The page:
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Bush reiterates stem cell stance

From Kelly Wallace
CNN Washington Bureau

CRAWFORD, Texas (CNN) -- Two days after announcing his decision to support limited embryonic stem cell research, President Bush used his weekly radio address to reiterate his position on an issue that he says holds "great promise and great peril."

"At its core, this issue forces us to confront fundamental questions about the beginnings of life and the needs of science," Bush said.

The president, using some of the exact same words he delivered to the nation Thursday in his nationally televised address, said Saturday, "I have made this decision with great care, and I pray it is the right one."

Watch President Bush's speech on federal funding for stem cell research (Part 1) (August 9)

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Watch President Bush's speech on federal funding for stem cell research (Part 2) (August 9)

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What President Bush's decision means

Bush will allow federal funding for research on 60 lines of embryonic stem cells. These lines of cells have the ability to regenerate themselves indefinitely but not all have been approved by the National Institutes of Health, which sets federal standards for research.

Embryonic stem cells have the potential to turn into any other kind of cell in the body, and have been looked to as possible treatments for Alzheimer's disease and Type I diabetes.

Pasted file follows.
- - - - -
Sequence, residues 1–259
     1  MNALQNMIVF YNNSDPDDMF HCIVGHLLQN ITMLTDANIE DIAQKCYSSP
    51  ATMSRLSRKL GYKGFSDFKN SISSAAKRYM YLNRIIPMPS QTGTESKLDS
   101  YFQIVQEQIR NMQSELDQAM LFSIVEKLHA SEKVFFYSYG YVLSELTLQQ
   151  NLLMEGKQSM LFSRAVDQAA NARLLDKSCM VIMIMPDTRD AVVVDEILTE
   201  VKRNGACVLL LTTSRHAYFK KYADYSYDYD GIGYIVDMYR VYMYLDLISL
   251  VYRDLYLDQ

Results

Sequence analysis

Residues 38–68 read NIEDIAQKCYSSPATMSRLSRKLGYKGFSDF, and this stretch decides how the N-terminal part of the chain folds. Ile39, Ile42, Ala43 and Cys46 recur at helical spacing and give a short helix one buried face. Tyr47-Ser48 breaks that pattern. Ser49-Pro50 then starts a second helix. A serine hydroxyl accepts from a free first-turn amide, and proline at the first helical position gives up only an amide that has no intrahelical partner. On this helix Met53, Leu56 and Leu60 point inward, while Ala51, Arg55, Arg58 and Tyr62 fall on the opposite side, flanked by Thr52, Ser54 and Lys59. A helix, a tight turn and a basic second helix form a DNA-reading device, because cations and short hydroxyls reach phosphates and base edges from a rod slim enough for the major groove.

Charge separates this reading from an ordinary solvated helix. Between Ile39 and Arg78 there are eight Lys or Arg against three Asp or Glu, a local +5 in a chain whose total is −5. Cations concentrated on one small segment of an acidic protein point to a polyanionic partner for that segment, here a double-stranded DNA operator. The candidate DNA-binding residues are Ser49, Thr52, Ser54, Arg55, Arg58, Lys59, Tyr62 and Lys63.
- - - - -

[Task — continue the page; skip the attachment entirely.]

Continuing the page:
The president did not address criticism of his decision to allow federal tax dollars to back research only on stem cells which have already been extracted from human embryos. Bush is supporting research on the more than 60 "genetically diverse stem cell lines" he says already exist and could lead to breakthroughs in the fight against diseases such as Parkinson's and Alzheimer's.

"I have concluded that we should allow federal funds to be used for research on these existing stem cell lines where the life and death decision has already been made," he said.

Bush followed up his radio address with an opinion piece in The New York Times on Sunday. Bush touts his decision as a way to keep an "ethical footing" while promoting research. "Biomedical progress should be welcomed, promoted and funded," he wrote. "Yet it can and must be humanized."

Some scientists questioned whether more than 60 embryonic stem cell lines actually exist. Senior administration officials told reporters Friday that at least 30 are currently in U.S. laboratories, and that the rest are in countries such as Australia, Israel, Sweden and Singapore.

The National Institutes of Health started work Friday on a federal registry, which will eventually list all the existing stem cell lines, many of which are owned by private companies.

Some liberals accused the president of not going far enough by not supporting federal funding of research on human embryos at fertility clinics that otherwise would be discarded.

In his radio address, Bush said his decision "allows us to explore the promise and potential stem cell research without crossing a fundamental moral line, by providing taxpayer funding that would sanction or encourage further destruction of human embryos that have at least the potential for life."

While some abortion foes such as the National Right to Life Committee said they were "delighted" by the decision, others, including the Family Research Council and the Catholic Church, accused Bush of crossing a moral line.

Aides said the president made his decision based on ethics and morality, not on politics.

Still, Bush could end up scoring some points with moderates but could also alienate some conservatives.

Senior Bush advisers worked the phones Friday to assess the political fall-out, and appeared before television cameras throughout the day to sell the president's decision.



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